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Open Access research which pushes advances in bionanotechnology

Strathprints makes available scholarly Open Access content by researchers in the Strathclyde Institute of Pharmacy & Biomedical Sciences (SIPBS) , based within the Faculty of Science.

SIPBS is a major research centre in Scotland focusing on 'new medicines', 'better medicines' and 'better use of medicines'. This includes the exploration of nanoparticles and nanomedicines within the wider research agenda of bionanotechnology, in which the tools of nanotechnology are applied to solve biological problems. At SIPBS multidisciplinary approaches are also pursued to improve bioscience understanding of novel therapeutic targets with the aim of developing therapeutic interventions and the investigation, development and manufacture of drug substances and products.

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SOX11 target genes : implications for neurogenesis and neuropsychiatric illness

Sha, Li and Kitchen, Rob and Porteous, David and Blackwood, Douglas and Muir, Walter and Pickard, Benjamin (2012) SOX11 target genes : implications for neurogenesis and neuropsychiatric illness. Acta Neuropsychiatrica, 24 (1). pp. 16-25.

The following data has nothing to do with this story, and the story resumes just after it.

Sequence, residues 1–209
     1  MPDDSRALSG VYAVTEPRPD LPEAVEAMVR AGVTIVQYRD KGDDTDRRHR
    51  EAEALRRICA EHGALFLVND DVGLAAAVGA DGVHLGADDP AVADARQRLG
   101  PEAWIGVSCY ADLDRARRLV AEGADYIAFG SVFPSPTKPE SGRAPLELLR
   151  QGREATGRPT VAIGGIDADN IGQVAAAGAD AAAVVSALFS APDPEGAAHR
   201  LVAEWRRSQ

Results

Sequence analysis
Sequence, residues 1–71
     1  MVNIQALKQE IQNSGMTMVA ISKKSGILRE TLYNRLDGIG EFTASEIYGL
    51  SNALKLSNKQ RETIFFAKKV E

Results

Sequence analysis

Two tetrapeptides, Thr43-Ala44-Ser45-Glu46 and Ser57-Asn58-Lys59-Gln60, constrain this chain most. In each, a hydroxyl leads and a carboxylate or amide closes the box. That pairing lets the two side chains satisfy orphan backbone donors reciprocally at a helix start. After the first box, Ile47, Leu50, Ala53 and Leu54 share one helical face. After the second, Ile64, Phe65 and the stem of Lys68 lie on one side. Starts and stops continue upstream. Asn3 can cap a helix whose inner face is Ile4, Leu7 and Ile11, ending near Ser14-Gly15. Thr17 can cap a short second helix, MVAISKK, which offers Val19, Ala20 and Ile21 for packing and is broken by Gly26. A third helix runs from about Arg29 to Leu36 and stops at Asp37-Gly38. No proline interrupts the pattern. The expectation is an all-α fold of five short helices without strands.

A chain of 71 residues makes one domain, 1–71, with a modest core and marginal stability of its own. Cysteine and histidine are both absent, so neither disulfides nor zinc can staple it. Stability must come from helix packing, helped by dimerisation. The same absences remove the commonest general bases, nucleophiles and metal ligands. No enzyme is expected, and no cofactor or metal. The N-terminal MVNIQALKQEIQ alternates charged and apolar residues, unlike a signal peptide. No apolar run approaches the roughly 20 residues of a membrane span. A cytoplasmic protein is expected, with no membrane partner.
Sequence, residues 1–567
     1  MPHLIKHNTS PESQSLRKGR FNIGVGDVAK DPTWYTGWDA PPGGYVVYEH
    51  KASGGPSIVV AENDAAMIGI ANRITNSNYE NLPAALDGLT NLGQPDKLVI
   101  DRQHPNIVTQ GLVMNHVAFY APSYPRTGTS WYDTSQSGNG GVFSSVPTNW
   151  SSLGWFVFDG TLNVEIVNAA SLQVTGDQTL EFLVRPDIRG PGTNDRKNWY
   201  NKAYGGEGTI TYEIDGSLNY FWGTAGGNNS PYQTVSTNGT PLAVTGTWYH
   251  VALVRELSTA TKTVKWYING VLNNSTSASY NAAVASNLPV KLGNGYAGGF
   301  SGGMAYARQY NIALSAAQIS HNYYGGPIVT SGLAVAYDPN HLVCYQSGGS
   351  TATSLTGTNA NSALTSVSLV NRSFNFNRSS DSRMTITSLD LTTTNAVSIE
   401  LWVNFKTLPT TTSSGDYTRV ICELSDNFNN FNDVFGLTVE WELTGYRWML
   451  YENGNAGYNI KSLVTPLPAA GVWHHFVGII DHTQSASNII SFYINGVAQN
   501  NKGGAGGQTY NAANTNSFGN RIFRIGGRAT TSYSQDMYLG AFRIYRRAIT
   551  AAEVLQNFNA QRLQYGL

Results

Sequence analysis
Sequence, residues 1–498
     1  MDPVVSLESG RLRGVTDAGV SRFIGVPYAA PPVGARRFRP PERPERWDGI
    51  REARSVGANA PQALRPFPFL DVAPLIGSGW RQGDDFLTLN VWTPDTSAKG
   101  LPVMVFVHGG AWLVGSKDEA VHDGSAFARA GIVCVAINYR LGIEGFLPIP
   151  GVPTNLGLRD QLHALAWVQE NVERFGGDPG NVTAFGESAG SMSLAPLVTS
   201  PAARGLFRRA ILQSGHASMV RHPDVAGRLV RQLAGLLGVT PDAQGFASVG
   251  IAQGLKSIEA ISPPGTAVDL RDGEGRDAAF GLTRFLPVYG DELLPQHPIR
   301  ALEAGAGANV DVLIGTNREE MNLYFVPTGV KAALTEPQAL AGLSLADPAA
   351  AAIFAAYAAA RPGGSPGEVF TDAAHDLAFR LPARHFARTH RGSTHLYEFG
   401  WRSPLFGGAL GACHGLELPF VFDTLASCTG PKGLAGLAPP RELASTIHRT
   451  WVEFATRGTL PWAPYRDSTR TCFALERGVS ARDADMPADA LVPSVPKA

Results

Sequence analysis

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Abstract

Deficits in adult and embryonic neurogenesis have been linked with neurological and psychiatric disorders, so it is important to understand the molecular mechanisms underlying this process. SOX11 is a transcription factor known to play a critical role in the regulation of the neuronal and glial differentiation stage of neurogenesis, so we hypothesised that the identification of its target genes would reveal underlying biological processes relevant to disease. SOX11 protein was over-expressed in HEK293 cells and transcriptional changes assessed by microarray analysis. Selected candidate genes were further tested for SOX11 activation in quantitative reverse transcriptase PCR studies of HEK293 cells and Western analysis of SH-SY5Y cells. Regulated genes included a previously established SOX11 target, known markers of neurogenesis, as well as several genes implicated in neuropsychiatric disorders. Immunofluorescence localised several of the genes within the proliferative subgranular zone of the hippocampus. We observed multiple histone and zinc finger genes regulated by SOX11, many of which were located in two clusters on chromosomes 6 and 19. The chromosome 6 cluster lies within a region of the genome showing the strongest genetic association with schizophrenia. SOX11 appears to regulate a complex programme of chromatin remodelling and downstream gene expression changes to achieve a mature neuronal phenotype. SOX11 target genes are shown to be involved in neurodevelopmental processes important in health and, potentially, disease.